Chemistry of Carbohydrates Activity

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Date ______

Chemistry of Carbohydrates

Name __________________

Introduction: Today, scientists use a combination of biology and chemistry for their understanding of life and life processes. Thus, an understanding of some chemistry of living things is necessary. Carbohydrates make up a large group of chemical compounds found in cells. Carbohydrates are an energy source or are used in making cell structures.

1.

What is the molecular formula for water? What information can you learn from this molecular formula?

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2.

Draw the structure of a water molecule with the correct charges.

3.

What do the lines between O and H in the structural diagram of water represent (remember to be as specific as possible)?

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4.

Which diagram below would best represent a model for water? Explain why.

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Monosaccharides (single molecule sugars)

A single molecule sugar is called a monosaccharide. The prefix “mono” means one. However, one molecule can have different molecular structures due to a different arrangement of atoms. Three common monosaccharides are glucose, fructose, and galactose.

5.

What three elements are present in the three monosaccharides found below?

6.

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Give the molecular formula each of the following monosaccharides:

Glucose:

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Fructose:

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Galactose:

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Date ______

Chemistry of Carbohydrates

Name __________________

7.

What is the relationship between the number of hydrogen atoms and the number of oxygen atoms in each of the monosaccharides?

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8.

How is the structure (shape) of a glucose molecule different then the structure of a fructose molecule?

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Disaccharides (double molecule sugars)

Two monosaccharide sugar molecules can join chemically to form a larger carbohydrate molecule called a double sugar, or disaccharide. The prefix “di-“means two. By chemically joining a glucose molecule with a

fructose molecule, a double sugar called sucrose is produced.

Use the paper models supplied in this lab to complete the following steps.

Cut out models of one glucose and one fructose molecule. Cut along solid lines only.

In order to join the molecules, remove an –OH end from one molecule and an –H end from another.

Cut along the dotted lines.

After the glucose and the fructose have been joined together tape them on the spot provided on the

third sheet. Also tape down the water molecule that was produced.

Repeat the procedure above but this time join together two glucose molecules to make a disaccharide called maltose. Do not tape down the maltose as you will continue to add to this to create glycogen.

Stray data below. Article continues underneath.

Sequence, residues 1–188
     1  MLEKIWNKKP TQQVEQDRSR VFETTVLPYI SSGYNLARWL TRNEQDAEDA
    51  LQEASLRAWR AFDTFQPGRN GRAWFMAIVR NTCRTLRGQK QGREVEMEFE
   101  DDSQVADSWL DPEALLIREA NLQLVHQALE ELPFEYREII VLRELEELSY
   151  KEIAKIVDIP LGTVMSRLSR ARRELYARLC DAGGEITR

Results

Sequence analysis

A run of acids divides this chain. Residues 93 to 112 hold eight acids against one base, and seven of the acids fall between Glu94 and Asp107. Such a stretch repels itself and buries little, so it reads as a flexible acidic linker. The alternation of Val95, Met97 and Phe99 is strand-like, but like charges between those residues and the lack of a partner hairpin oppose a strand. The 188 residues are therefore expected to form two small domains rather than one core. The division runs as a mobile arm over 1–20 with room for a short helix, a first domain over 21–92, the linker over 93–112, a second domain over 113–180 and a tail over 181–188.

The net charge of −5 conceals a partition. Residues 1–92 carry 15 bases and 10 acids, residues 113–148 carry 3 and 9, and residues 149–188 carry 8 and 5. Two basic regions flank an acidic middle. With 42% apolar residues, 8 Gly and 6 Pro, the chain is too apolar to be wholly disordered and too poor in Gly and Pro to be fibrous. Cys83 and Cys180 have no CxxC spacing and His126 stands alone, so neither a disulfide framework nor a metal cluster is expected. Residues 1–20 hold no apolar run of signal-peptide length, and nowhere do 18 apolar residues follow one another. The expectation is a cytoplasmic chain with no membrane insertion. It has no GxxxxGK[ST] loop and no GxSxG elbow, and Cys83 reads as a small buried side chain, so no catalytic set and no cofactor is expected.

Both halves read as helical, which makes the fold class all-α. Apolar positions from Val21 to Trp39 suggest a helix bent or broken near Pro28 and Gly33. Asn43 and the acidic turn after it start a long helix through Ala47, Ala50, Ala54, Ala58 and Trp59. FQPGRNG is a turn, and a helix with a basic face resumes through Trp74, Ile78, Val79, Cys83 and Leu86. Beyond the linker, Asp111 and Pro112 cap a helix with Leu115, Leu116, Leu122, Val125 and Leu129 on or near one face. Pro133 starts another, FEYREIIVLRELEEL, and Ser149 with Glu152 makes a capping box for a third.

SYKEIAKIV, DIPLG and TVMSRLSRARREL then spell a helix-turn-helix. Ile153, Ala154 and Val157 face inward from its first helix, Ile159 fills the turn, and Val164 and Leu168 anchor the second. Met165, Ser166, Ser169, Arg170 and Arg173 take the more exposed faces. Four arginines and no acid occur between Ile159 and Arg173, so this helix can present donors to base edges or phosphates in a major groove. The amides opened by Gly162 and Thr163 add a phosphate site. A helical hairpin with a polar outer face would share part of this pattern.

9.

Explain why you must remove the –H and –OH ends before the molecules can be connected?

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10.

The –H and –OH ends that were removed can also fit together with each other to form a molecule. What is this new molecule that is formed?

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11.

Write the molecular formula for sucrose by adding together the molecular formulas for glucose and fructose and then subtracting the formula for water, H2O. (Use molecular formulas for finding this).

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12.

Write the molecular formula for maltose? (Use molecular formulas for finding this)

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13.

How does the molecular formula for sucrose compare to maltose?

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Date ______

Chemistry of Carbohydrates

Name __________________

Polysaccharides (many sugar molecules)

Just as double sugars were formed from two single sugar molecules, polysaccharides are formed when many single sugars are joined chemically. The prefix “poly-” means many. Starch, glycogen, and cellulose are the

three most common polysaccharides in biology. They consist of long chains of glucose molecules joined.

Add the remaining glucose molecules to the molecule of maltose that you created. This is the beginning of a polysaccharide called starch, which is made from many repeating glucose molecules.

Do forget to attach each of the water molecules that are given produced from this process.

14. If a chain of 5 monosaccharides are to be linked together, how many water molecules must be removed (hint if you created the polysaccharide correctly you have the answer)?

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Tape your paper models in the space below

Disaccharide

Polysaccharide

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